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On DVD: Film has less than '50/50' chance of success

By Dana Trismen

Section: Arts

February 3, 2012

While the movie “50/50,” which came out on DVD on Jan. 24, has garnered good reviews and was recently nominated for two Golden Globes, the purpose behind the film still seems vague. Starring Joseph Gordon-Levitt and Seth Rogen, screenwriter Will Reiser based it loosely on his own life. It focuses on Adam (Gordon-Levitt), who at age 27 discovers he has cancer in his spine, leaving him with a 50 percent chance of survival; Rogen stars as his wisecracking best friend. Recently been released on DVD, the movie has made nearly $40 million to date, doing well considering its $eight million budget.

Although labeled a “comedic drama,” the previews for this film are somewhat misleading. They incorporate every funny scene in the movie—including every quirky comment Rogen makes—thus creating an illusion that this film has found a new, noteworthy way of handling cancer by incorporating humor all the time.

In fact, the actual film is only partially comedic, with the rest of the scenes focusing on the emotions underlying Adam’s so-called “nervous breakdown.”

It is in these serious scenes where the movie falls flat. While Rogen actually deserves a lot of credit here for making his portion of the movie very funny, the more depressing scenes lack this energy. Though the audience understands that Adam has cancer, we are not really let into his pain and suffering.

There is one scene in particular where we are really supposed to understand Adam’s internal feelings. It involves Adam screaming, crying and banging on the steering wheel of his best friend’s car. While it is possible to buy that scene, the rest of the movie just shows him looking upset, staring vacantly out of windows and frowning.

In this way, “50/50” does not accurately portray the life of a cancer patient. Adam endures his fair share of hardships. His girlfriend (Bryce Dallas-Howard), rather than standing by him and picking him up from chemo, chooses instead to cheat on him. His mother (Anjelica Huston) is extremely hysterical and hard to control. One of his close friends (Matt Frewer) in therapy dies from cancer. Yet, his true pain is never felt; the emptiness and loneliness that he should be feeling is not expressed convincingly to the audience. Though the movie does show some of the horrors of cancer, such as Adam receiving chemotherapy, it is always shallow. While the comedy in the movie is well done and entertains, “50/50” is still not the real-life, believable drama it should be.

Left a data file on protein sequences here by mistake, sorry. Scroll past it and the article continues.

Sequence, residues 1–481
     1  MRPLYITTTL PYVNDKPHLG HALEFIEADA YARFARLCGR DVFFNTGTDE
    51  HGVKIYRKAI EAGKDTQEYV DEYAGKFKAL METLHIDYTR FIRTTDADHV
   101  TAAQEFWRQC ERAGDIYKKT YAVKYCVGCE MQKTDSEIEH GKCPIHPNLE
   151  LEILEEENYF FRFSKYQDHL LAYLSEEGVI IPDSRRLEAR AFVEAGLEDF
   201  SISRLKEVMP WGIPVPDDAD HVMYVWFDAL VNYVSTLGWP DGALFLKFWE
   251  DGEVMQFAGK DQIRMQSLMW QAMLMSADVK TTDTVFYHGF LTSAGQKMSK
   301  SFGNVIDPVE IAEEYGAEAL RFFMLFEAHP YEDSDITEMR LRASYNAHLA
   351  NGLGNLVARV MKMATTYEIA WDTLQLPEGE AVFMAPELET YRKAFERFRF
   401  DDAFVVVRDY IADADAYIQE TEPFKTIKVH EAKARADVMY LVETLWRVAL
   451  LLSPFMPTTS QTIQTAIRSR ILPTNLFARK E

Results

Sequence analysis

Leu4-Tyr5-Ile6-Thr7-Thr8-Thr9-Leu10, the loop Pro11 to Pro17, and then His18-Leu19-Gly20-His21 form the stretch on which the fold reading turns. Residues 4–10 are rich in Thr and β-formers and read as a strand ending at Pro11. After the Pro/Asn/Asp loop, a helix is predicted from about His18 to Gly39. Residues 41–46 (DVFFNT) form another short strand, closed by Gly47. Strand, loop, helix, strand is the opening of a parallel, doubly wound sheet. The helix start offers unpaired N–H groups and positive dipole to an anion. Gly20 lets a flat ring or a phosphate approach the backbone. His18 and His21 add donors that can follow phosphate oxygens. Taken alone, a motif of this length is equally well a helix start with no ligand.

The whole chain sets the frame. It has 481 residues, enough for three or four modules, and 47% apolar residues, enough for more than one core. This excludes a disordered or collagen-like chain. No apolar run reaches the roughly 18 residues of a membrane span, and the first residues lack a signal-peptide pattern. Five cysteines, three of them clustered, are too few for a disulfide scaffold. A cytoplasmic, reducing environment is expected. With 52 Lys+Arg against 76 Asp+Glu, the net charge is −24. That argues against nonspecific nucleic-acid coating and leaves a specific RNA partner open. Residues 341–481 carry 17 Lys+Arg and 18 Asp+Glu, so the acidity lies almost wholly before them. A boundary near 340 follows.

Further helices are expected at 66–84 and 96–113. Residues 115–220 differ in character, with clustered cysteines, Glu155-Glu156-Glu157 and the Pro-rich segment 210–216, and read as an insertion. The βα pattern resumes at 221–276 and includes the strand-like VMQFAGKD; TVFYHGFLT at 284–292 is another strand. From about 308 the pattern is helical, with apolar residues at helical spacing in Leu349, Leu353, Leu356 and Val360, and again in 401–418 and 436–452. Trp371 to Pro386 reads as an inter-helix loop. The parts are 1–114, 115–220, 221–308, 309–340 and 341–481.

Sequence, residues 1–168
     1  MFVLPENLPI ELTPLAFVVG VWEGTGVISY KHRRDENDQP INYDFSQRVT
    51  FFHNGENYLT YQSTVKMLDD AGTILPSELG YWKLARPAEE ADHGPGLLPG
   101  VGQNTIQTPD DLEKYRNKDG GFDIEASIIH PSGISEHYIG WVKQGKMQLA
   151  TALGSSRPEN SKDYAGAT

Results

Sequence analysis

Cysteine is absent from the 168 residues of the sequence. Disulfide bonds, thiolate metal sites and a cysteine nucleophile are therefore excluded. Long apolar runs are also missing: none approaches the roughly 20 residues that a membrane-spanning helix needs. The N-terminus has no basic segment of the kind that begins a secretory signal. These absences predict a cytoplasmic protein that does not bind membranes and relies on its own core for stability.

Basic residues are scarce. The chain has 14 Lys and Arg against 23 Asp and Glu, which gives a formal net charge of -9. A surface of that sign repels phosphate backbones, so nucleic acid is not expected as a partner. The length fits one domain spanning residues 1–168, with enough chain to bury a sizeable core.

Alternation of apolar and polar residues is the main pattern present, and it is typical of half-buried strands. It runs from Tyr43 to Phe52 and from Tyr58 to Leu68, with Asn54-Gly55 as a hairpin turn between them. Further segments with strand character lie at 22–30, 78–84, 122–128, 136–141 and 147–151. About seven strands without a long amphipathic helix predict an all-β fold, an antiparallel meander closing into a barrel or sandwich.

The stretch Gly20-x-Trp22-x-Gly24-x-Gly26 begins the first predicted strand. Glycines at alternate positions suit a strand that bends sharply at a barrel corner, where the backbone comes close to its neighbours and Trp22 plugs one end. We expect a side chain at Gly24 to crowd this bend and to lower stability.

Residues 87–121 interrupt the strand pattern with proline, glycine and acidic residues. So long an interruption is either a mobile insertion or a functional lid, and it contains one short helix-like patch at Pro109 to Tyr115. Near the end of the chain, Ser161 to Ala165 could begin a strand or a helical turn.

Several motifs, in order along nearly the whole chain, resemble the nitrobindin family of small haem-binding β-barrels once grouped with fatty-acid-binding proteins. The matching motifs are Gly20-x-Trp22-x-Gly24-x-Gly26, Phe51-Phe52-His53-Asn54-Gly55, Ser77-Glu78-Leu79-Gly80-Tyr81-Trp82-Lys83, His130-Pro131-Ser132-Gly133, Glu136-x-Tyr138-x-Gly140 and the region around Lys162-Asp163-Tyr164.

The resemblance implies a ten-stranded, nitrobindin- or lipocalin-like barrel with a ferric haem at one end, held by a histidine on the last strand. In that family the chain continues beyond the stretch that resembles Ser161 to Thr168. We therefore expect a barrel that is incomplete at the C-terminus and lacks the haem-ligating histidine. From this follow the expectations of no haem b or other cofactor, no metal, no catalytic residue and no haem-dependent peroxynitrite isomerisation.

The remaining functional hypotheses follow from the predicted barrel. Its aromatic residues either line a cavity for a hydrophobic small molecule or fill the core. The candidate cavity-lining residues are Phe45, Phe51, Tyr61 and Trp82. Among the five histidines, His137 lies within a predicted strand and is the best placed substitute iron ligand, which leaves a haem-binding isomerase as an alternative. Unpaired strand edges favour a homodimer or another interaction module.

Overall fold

The movie’s other faults lie in other unbelievable occurrences. Adam goes to therapy to deal with his illness and is under the guidance of a very young therapist named Katherine (Anna Kendrick). Katherine is very unprofessional, starting with the fact that she is only 24 and Adam is one of her first patients. She does not keep professional boundaries between herself and Adam, and the end of the film shows them forming a relationship with each other. This is just another spot where “50/50” strayed from reality: In a professional world, Katherine would lose her job, not be part of Adam’s happy ending.

Seth Rogen, who plays Adam’s sidekick Kyle, is this film’s savior. Juvenile and supportive, he conveys a character that is both stable and hilarious. His support of Adam and the way Rogen conveys their friendship through body language is very real; their friendship is the one part of the movie audiences fully, completely believe. Meanwhile, Gordon-Levitt seems less important—his character almost fades into the background. Indeed, it is as though Gordon-Levitt is playing the same character over and over again. With cancer, without cancer, with a girlfriend, without a girlfriend (such as in “500 Days of Summer”), he is the same morose, sensitive man who isn’t terribly interesting to watch onscreen.

So why did “50/50” get such good reviews? It seems as though reviewers were blinded by Seth Rogen. “Philadelphia Weekly” gave “50/50” a B-plus review, raving that it was “hysterically funny.” Yet, the only nod it gives to Gordon-Levitt is in passing, while every paragraph of the review pays homage to Rogen. Rogen displays a “fundamental, unexpected decency, which can often only be expressed through shoulder-punching obscenities” and makes this movie about cancer the film to watch. Yet, while Rogen is phenomenal, the quality of the movie should not be solely based on the performance of one character. Why is it acceptable that Rogen is responsible for salvaging the entire film?

While “50/50” is entertaining and definitely a good enough movie to watch if you are slightly bored and it pops up on your Netflix queue, it is not something to encourage the entire family to watch. The movie seems not really to go anywhere. Adam contracts cancer then recovers, but since the audience hardly feels his pain, it does not seem to matter all that much.

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